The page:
The defeatists may carp, but over time they're going to become irrelevant. The future belongs to those who have the will to compete. And for my part, I will continue working with you to open up new markets wherever they are, Mexico, South America, all around the globe.
I'm also working urgently for a climate more favorable for prosperity at home. I know that people are hurting out there. People that have jobs are worried about them. But later today I'm going to be talking to the Economic Club there at Detroit, and I'll go into greater detail about an economic growth plan that I've challenged Congress to pass by March 20th, one week from now. We need new incentives; we need new incentives to get this economy moving. And I'm talking about an investment tax allowance. It sounds complicated, but what that means is speeding up depreciation on new equipment so people can go out and buy new capital items for their plants.
We need to get real estate up and running, and that means Congress should pass my ,000 tax credit for those first-time homebuyers, the young family that wants to buy a home. Five thousand dollars would help, and it would stimulate the homebuilding industry. And they ought to pass that. That's not a political thing. It's something that will help the economy right now.
We need to reward the risktakers, those who create new jobs. And I still feel the way to create new jobs is to cut the tax on capital gains and stimulate new investment. And you're seeing this. We're competing with Japan; Japan taxes capital gains at 1 percent. Germany, I believe, is zero. And we're up there in the stratosphere. It's simply not right to people out there thinking, ``How do I start a new business?''
I'd like to spend the rest of this brief time here today talking about another battle, and that's the battle against excessive regulation. A level playing field, I mentioned, outside the United States, that's fine; that's well and good. But you'll never reach it if you have to run yourselves to exhaustion right here at home on an uphill treadmill of overzealous regulators.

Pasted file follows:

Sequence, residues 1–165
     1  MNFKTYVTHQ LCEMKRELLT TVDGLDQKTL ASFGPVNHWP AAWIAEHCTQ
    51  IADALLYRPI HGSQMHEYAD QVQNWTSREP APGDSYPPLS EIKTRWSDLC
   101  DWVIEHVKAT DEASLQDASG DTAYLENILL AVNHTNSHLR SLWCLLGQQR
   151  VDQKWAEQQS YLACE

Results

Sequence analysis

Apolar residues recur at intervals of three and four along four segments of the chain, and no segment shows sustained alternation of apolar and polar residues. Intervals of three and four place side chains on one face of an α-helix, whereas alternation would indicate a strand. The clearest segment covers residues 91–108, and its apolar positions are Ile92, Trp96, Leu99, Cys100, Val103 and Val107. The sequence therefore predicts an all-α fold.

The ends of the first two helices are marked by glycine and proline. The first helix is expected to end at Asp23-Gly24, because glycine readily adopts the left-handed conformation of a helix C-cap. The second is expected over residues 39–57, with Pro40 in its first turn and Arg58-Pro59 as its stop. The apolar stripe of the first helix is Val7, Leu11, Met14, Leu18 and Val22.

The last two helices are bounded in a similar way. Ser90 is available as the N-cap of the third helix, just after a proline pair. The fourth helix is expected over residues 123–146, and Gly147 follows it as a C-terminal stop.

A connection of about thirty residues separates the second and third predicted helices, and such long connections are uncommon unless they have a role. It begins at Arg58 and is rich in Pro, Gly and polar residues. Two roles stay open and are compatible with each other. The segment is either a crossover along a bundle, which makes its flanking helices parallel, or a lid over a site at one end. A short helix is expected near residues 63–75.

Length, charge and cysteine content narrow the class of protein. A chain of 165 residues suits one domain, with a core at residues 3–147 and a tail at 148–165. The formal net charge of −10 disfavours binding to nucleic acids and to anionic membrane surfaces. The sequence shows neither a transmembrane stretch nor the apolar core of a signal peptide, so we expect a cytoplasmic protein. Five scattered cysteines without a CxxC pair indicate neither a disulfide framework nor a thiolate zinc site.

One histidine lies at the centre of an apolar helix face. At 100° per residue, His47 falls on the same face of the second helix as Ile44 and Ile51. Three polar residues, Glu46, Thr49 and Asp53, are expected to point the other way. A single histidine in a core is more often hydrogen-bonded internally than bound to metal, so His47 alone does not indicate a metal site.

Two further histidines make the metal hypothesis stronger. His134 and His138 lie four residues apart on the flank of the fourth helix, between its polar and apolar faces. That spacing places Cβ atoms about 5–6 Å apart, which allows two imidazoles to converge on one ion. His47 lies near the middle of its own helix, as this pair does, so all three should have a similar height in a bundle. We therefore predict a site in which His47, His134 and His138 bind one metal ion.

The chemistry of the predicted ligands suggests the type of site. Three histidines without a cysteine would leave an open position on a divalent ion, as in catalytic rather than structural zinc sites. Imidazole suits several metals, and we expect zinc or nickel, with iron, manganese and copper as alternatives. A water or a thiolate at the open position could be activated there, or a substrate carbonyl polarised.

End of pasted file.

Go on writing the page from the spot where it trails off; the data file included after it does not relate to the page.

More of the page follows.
In my State of the Union, we put on a 90-day freeze on all proposed and existing Federal regulations, the ones that can affect economic growth. As much as possible, we're now speeding up rules that will help growth and halting rules that would harm the economy, set back this fragile economy.
I'm very concerned about the health technology business, the well-being of that business. Our whole future, as I look at it and what it's going to take to move briskly into the next century, is the high innovative tech industries like yours. The Commerce Department recently reported that America's health technology industry is the strongest in the entire world, but that if current political and economic trends continue, it would slip behind European and Asian competitors by the end of this decade. And need I say what one of those negative trends is? That is Government regulation.
Overregulation here in the United States can give foreign corporations an advantage over American firms. It also can drive U.S. businesses to move factories and jobs overseas. Recently, because of heavy regulation, the number of approvals of new medical devices has dropped dramatically.